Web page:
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PO Proxy - the Not Always Silent Helper

By Eric Fehse & Jan Eckhoff &

In the Scrum Guide the world can be so nice and tidy. The best example is the product owner (PO) of an agile development project: they have appropriate training and are always available for the team. Yet the reality is usually somewhat different. Although many POs have business experience and a product vision, they are not very familiar with product development and have many additional tasks or deadlines. The consequences can be fatal for the project. But there is a solution to this problem: a PO proxy.

We at Zühlke have had very positive experiences with this concept and have helped many customers to achieve good results. Basically, we recommend that an experienced engineer or consultant be named as PO proxy. This person acts as an interface between the product owner (PO) and the development team. In this way, we can not only ensure that the Scrum rules are followed and the project is completed on time and on budget; the PO also avoids possible overload and can continue to perform their other tasks within the organisation. 
 

Insight in brief

  • The role of the Product Owner is complex and challenging.
  • It has proven useful in our projects to support this role with a PO proxy - either permanently or for a certain induction period.
  • Working together, PO and PO proxy can lead the project to success both technically and methodologically.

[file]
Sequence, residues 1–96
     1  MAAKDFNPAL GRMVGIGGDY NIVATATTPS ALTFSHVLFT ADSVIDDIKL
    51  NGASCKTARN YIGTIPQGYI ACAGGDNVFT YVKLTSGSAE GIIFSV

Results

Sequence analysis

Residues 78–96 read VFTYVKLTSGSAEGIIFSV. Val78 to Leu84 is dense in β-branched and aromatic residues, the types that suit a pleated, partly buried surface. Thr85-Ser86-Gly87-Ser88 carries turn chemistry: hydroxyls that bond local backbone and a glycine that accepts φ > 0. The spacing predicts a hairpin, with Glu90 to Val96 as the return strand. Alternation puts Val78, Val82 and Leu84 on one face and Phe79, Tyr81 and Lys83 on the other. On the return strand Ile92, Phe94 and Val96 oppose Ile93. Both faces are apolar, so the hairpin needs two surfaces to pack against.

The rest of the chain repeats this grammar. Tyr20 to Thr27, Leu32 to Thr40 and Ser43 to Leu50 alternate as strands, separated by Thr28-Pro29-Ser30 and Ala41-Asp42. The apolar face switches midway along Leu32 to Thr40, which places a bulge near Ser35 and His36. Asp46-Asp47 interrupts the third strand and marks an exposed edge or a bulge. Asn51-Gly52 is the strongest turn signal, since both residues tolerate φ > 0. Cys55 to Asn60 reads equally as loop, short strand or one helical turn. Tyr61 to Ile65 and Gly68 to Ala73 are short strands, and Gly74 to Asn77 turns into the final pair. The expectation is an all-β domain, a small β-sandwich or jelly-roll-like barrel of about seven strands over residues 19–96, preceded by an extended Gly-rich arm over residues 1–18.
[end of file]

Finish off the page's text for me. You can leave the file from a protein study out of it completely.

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What does the PO actually do?

POs are responsible for the value-maximisation of the product. They develop and advocate the product vision, based on a deep understanding of stakeholder requirements and business processes on the one hand, and on the ability to represent this vision to the outside world on the other. He has an idea of what the finished product could look like; who will use it, when, and for what purpose; how it will interact with existing processes; and most importantly, how it will add value to the company.

To bring the idea to product maturity, a PO must face three challenges:

  • the stakeholder management,
  • the product management, and
  • the management of a development team.
     

Stakeholder Management

A product has many stakeholders, e.g. end users, business departments, QA, IT, legal, marketing, development. Each of these stakeholders has requirements regarding the product. The larger the product and the more distributed the stakeholders, the more diverse the respective requirements are, and the more often they conflict with one another.

In the service of value maximisation, the PO is responsible for collecting and structuring these heterogeneous requirements and deriving from them a product vision which can be supported by everyone. A certain amount of methodological competence is required here, as workshops have to be moderated, conflicts resolved and compromises achieved.